• Don’t insist on antibiotics for every illness. Many respiratory illnesses, fevers and ear aches are viral infections and antibiotics have no effect on viruses.
  • Finish your entire dose of antibiotics to ensure that the bacteria have been completely eliminated from your system. If you stop taking antibiotics as soon as you feel better, you may be helping the bacteria become resistant, because you may only wound the bacteria and not kill it.
  • Wash your hands and insist that your healthcare providers do the same. Simply state before anyone touches you, “I know that infections are a problem in hospitals and I routinely ask all my providers to wash their hands and wear gloves.” No one will object to this logic or feel offended.
  • Healthcare workers should wash their hands and wear gloves for all vascular (or blood-related) procedures, such as starting an IV line.
  • Ask if you need a pre-operative antibiotic one hour before your surgery and remind the staff to administer it.
  • Ask your surgeon if you should wash with an antibacterial body wash containing chlorhexidine before surgery. And don’t shave your surgical site, which can cause small cuts in your skin and allow bacteria to enter your system.
  • Realize that California has “adverse event” and hospital infection reporting law. If you experience an error or an infection, ask that your hospital report it to the Department of Public Health. If you encounter resistance, you can personally report the situation to your local health department.

Can you prevent every error, mishap, or infection? Absolutely not. Caring for the human body will always be inherently risky. That fact is undeniable. But don’t let the fact that you can’t eliminate every error or risk make you give up or not even try at all. Patients and their advocates are not only a part of the solution, they’re a vital part.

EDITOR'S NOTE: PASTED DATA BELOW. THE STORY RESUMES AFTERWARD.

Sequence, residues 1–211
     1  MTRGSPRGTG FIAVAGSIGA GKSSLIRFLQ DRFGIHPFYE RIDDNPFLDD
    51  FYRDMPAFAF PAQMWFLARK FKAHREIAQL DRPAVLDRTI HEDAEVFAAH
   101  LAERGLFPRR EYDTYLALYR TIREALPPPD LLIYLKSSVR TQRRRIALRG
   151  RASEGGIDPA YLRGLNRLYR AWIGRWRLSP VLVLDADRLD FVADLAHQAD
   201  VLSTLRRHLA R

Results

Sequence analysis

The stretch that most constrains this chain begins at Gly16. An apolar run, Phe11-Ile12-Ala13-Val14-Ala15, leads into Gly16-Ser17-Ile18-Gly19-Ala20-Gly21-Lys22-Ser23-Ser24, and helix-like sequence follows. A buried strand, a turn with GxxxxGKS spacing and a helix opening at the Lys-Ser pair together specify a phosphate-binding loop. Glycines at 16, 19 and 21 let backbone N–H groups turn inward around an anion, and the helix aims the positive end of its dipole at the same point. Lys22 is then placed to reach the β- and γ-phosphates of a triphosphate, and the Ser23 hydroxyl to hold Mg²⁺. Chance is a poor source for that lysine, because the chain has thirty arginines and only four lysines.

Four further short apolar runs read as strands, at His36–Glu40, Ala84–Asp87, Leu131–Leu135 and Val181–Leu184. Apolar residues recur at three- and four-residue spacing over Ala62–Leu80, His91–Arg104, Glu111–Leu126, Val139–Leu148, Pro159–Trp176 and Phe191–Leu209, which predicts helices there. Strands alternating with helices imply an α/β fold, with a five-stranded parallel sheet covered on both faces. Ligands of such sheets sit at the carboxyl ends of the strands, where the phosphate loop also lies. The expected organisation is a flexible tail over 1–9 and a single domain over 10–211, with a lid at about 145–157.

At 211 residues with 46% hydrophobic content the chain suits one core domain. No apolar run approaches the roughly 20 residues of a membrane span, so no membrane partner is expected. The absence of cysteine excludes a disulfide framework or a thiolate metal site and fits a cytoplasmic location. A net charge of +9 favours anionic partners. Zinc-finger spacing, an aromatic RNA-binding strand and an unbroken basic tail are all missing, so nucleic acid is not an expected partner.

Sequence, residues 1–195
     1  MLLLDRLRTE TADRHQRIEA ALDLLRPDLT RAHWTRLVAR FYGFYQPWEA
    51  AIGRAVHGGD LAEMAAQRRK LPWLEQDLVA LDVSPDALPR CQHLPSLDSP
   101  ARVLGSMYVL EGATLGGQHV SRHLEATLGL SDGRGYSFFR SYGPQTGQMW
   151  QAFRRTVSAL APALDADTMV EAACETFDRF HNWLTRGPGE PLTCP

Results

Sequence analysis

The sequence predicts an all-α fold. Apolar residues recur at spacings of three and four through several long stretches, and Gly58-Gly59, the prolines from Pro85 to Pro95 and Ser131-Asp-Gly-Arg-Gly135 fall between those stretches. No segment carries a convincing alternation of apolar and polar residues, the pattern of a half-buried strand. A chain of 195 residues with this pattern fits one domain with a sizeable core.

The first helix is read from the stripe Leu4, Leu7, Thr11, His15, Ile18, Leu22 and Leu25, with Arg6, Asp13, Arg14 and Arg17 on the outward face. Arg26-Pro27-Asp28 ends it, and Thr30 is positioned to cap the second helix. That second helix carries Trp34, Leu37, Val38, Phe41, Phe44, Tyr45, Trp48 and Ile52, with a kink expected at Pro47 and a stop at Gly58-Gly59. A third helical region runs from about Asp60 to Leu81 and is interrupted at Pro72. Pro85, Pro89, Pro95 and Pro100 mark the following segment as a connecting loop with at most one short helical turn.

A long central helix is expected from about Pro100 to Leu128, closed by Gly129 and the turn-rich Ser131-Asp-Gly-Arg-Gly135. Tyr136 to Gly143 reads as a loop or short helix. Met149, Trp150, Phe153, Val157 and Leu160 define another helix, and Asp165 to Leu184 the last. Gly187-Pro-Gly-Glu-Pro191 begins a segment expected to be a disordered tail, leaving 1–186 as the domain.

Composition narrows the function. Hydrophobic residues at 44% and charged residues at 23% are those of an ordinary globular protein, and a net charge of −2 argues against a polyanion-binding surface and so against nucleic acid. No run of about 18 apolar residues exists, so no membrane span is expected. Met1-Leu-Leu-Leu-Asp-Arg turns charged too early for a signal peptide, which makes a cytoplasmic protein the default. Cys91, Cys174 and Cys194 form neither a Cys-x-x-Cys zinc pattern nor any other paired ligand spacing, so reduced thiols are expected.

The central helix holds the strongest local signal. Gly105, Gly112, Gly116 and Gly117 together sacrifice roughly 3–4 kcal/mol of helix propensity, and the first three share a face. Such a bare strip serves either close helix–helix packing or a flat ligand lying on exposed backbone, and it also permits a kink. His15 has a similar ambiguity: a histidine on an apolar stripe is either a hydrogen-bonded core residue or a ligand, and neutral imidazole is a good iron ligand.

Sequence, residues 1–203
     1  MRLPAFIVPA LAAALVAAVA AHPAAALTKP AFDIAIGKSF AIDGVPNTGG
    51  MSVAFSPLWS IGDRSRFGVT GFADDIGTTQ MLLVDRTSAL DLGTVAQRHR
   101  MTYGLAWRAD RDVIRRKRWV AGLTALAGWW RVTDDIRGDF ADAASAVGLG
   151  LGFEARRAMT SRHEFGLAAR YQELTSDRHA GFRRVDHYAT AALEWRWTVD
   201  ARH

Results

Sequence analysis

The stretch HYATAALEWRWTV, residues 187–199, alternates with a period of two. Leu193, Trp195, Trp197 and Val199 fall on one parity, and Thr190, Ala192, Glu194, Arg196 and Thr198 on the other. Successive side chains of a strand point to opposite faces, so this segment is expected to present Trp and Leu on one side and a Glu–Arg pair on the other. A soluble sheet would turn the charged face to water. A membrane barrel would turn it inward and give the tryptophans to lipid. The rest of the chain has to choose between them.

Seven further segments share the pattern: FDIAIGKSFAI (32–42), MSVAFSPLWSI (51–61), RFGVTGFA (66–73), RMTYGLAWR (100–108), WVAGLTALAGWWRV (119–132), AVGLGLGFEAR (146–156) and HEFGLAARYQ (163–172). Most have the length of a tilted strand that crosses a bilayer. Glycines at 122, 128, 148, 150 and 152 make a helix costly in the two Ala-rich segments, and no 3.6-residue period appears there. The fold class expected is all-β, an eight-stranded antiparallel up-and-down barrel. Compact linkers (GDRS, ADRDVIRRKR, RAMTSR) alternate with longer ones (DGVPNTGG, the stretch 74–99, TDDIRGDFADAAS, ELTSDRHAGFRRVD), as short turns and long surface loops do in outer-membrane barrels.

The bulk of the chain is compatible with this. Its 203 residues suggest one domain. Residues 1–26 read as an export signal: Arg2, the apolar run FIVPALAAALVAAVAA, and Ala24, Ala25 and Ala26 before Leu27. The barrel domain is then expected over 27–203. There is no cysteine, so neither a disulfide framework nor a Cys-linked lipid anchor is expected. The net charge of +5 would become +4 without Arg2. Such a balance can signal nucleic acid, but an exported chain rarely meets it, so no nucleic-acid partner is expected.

Those of us who’ve lost so much could’ve turned away from the system that hurt our loved ones and never looked back. Instead, I work with hundreds of other advocates from all over the country who devote endless time and energy to working with the healthcare system to make meaningful improvements. We do this because we still believe — even after losing those we love and still mourn every day — that this country has the desire and the ability to make our healthcare system a beacon of safety and excellence.

Because at the end of the day we still envision a system that puts patients and advocates at the center of the healthcare team. A system where patients work with their doctors, not at odds with them. A system that tracks, monitors, and reports hospital-acquired infections and medical errors so we can compile the data we need to save lives. A system that is safe and compassionate, but never complacent. A system that is constantly seeking ways to improve, setting higher goals and welcoming of a more educated and involved public.


Dr. Julia Hallisy earned her BS in Biological Science from the University of San Francisco and a second Bachelor’s degree from the University of California in Dental Sciences. In 1988, she received her Doctorate in Dental Surgery from the University of California at San Francisco School of Dentistry and has been in continuous private practice in San Francisco since.

Her second child, Katherine (Kate), was diagnosed at five months of age with bilateral retinoblastoma. Dealing with her daughter’s life-threatening diagnosis, the many recurrences of cancer, and the subsequent treatments for the malignant and aggressive tumors marked the beginning an almost 20-year involvement in our healthcare system. The unique combination of her scientific training, her work as a healthcare provider, and guiding a child through a chronic illness has afforded her invaluable insight as an advocate for patients.

Dr. Hallisy began to research the topic of patient safety in 1998 and has worked with the California Nurses Association on the Proposition 216 campaign for HMO reform. She has spoken at rallies with Ralph Nader and testified at San Francisco City Hall to promote the passage of legislation for a Patients’ Bill of Rights. In 2002, Dr. Hallisy spoke before the California State Senate on Futile Care policies. She has worked with AARP on a patient advocate journal and has lobbied for healthcare reform in Washington, DC with Consumers Union. In 2009, Dr. Hallisy formed The Empowered Patient Coalition dedicated to providing educational, patient training, and advocacy resources for the public.

Dr. Hallisy lives in San Francisco with her husband, John, and their two sons, Daniel and Kevin. The Hallisy’s ten-year old daughter, Kate, lost her lifelong battle with cancer in February 2000.

Disclosures: Dr. Hallisy has received support from Consumers Union for non-profit patient advocacy projects.